Endangered Peoples Of The Arctic: Struggles to Survive and Thrive


Edited by Milton M. R. Freeman

Greenwood Publishing Group, 2000 (Cloth)

ISBN: 0313306494

Endangered Peoples of the Arctic is the second in the "Endangered People of the World" series published by Greenwood Press. It is a celebration of northern cultural diversity. Circumpolar in its coverage, the volume is geared for an undergraduate audience, with each article organized into five sections: cultural overview (people, setting, traditional subsistence practices, social and political organization, religion and world view); threats to survival; response-struggles to survive culturally; and "food for thought," which provides questions to structure class discussion. Each article provides a valuable resource guide featuring Web sites, publications, and videos relevant to each cultural group. The authors are mostly anthropologists and all have extensive field experience with the groups they overview.

As a whole the book clearly identifies some of the fundamental social, economic, and environmental challenges facing Arctic groups today. Most of the authors focus on recent changes within the era of colonial expansion into the north.

Not surprisingly, "subsistence" (defined in its most broad social, economic and ideological sense) was consistently cited as a core cultural element in the north and an element that is most under threat. Some of the key threats identified include: environmental degradation (contaminants, renewable and non-renewable resource development, overgrazing, deforestation, damming, low-level flying, highway development); animal rights activism; health issues (suicide, drug and alcohol abuse, violence); climate change (thinning ozone, unpredictable weather patterns, changing sea ice patterns); economic inequalities resulting from immigration; loss of traditional knowledge and language retention; and the overall social challenges people face in accommodating multiple worlds. Each author clearly identifies the tremendous resilience northern peoples have shown in the context of rapid social and economic changes.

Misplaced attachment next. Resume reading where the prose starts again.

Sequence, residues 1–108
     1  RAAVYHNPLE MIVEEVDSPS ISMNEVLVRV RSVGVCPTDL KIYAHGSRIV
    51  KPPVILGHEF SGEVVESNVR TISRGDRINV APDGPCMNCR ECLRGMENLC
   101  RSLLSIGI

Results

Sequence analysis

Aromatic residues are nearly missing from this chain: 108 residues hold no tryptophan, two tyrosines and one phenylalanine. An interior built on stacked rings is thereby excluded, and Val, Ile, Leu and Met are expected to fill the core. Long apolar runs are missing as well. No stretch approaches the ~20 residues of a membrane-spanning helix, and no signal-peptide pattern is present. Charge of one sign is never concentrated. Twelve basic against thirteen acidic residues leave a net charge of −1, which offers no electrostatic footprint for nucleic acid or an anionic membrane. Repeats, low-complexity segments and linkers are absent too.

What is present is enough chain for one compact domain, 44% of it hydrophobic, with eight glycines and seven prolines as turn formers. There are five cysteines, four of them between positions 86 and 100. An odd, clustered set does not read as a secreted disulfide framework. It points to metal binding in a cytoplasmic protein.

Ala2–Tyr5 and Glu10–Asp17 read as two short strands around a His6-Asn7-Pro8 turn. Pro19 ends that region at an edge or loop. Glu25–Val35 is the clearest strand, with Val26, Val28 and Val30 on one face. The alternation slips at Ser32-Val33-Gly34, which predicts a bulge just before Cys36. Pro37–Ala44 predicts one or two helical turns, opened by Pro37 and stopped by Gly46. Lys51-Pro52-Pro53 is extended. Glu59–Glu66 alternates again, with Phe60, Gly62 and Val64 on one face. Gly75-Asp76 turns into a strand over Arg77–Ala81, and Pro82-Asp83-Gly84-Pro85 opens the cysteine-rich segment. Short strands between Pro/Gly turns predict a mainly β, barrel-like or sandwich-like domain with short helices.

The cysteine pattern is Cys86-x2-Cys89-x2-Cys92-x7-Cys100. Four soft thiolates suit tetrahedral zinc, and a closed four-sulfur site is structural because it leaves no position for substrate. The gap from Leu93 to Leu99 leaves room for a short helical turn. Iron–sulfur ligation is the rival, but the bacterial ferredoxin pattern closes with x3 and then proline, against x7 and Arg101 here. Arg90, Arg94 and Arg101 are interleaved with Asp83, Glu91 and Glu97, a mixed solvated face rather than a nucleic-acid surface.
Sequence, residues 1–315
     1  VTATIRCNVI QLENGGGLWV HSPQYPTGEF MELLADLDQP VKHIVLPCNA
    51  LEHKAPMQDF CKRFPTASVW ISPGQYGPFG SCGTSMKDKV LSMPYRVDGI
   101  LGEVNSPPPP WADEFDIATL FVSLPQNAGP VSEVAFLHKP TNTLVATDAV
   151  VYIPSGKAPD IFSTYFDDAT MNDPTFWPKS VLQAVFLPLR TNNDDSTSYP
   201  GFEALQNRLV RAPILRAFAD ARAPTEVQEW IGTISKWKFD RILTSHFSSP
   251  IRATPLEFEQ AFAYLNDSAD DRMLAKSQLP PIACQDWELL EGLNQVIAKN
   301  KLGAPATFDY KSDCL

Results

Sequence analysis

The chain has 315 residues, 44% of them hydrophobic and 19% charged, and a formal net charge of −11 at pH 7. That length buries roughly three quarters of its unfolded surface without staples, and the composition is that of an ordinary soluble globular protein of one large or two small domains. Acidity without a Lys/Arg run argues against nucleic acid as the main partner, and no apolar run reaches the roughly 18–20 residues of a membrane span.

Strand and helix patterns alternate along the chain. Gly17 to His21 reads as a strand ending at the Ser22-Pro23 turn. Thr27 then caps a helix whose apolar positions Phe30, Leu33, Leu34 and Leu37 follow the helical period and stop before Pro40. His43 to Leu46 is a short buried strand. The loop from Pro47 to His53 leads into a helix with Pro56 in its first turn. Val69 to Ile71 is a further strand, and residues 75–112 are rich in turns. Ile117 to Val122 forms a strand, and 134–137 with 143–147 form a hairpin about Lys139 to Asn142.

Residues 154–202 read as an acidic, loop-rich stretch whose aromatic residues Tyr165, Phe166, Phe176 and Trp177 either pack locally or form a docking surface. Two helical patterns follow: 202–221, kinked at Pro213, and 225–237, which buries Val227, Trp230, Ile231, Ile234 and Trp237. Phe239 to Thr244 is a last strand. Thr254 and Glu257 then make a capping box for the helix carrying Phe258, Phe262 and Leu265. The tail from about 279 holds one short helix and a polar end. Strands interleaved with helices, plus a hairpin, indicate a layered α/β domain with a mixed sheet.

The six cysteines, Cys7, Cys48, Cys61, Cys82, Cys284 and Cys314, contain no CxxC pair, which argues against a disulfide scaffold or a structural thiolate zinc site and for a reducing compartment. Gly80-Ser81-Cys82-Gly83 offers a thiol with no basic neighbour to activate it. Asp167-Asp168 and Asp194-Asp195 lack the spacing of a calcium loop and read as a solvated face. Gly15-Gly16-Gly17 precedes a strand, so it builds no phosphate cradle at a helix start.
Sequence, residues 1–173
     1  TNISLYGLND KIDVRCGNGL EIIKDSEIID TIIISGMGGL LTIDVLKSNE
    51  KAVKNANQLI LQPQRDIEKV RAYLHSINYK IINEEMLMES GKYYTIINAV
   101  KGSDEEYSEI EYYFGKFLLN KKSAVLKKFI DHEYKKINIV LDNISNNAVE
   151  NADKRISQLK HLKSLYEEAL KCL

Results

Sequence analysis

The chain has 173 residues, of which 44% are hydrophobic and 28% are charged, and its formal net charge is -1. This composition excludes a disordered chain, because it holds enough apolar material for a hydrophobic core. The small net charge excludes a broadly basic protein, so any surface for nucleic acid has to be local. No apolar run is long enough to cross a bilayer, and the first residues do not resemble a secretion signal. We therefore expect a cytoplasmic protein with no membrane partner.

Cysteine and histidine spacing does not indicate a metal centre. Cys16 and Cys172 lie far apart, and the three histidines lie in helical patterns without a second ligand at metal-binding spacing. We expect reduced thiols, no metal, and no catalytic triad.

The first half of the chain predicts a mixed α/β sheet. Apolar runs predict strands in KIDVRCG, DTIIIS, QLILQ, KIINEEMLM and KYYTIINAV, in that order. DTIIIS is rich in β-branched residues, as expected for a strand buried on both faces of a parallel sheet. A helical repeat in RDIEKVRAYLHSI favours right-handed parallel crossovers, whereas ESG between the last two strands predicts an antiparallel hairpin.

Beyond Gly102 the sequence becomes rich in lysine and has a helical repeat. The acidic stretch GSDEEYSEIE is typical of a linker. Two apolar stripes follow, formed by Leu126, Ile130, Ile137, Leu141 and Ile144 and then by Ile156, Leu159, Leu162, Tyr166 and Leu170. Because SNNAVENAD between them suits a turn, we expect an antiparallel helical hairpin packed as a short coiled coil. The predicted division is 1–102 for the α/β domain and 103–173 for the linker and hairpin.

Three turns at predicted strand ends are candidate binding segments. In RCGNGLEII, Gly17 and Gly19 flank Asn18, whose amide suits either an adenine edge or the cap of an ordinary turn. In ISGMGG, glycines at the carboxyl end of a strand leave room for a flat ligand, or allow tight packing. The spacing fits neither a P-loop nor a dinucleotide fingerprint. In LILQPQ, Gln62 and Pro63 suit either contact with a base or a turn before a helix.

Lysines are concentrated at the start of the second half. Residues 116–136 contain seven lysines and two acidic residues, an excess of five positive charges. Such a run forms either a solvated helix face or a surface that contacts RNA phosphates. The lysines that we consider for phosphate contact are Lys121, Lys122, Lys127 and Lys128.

Many of the groups overviewed take a proactive stance in asserting their political rights. Numerous groups within the borders of Canada and the United States, for instance, have settled major land claims agreements. Other groups -- those residing within the borders of the former Soviet Union, for example -- turn to the international arena when their concerns fall on deaf government ears. Many northern groups have organized themselves politically; more than 21 organizations have been formed in the last several decades. From the Association of Lesser Number People in the North to the Grand Council of Cree, it becomes clear throughout these case studies that groups will be given the best chance to succeed when they are given the power to decide for themselves their own destinies. Many groups are diversifying their economies in order to facilitate self-determination and economic autonomy. One of the biggest challenges for each culture will be finding ways to communicate its unique identity to younger generations.

The cultural overview portions of the text vary widely in content; some authors treat groups in a timeless sense, while others embed tradition within contemporary life. The cultural overview sections of the book might have been better conceptualized so that the dynamism of history -- both before and after colonization -- is more readily apparent. And because different groups confront many of the same challenges, the volume might have been organized more thematically. Endangered Peoples of the Arctic nevertheless represents a good introduction to the cultures of the Arctic, and to many of the contemporary challenges facing northern peoples.

Article copyright Cultural Survival, Inc.

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